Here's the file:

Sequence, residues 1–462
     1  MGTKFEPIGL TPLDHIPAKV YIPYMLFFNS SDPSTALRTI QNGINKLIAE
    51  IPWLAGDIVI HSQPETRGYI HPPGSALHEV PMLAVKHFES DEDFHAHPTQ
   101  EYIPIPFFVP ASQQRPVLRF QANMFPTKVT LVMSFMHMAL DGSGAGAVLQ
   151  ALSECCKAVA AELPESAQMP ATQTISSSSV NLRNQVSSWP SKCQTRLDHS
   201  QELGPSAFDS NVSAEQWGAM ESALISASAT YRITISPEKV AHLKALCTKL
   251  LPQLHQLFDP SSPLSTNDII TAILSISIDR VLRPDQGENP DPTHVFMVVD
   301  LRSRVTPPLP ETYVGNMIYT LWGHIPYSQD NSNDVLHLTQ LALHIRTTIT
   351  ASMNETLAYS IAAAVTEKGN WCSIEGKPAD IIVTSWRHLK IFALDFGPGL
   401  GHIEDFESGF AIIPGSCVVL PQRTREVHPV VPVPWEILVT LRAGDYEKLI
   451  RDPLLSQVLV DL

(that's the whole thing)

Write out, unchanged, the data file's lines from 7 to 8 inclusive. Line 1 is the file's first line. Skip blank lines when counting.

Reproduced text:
   251  LPQLHQLFDP SSPLSTNDII TAILSISIDR VLRPDQGENP DPTHVFMVVD
   301  LRSRVTPPLP ETYVGNMIYT LWGHIPYSQD NSNDVLHLTQ LALHIRTTIT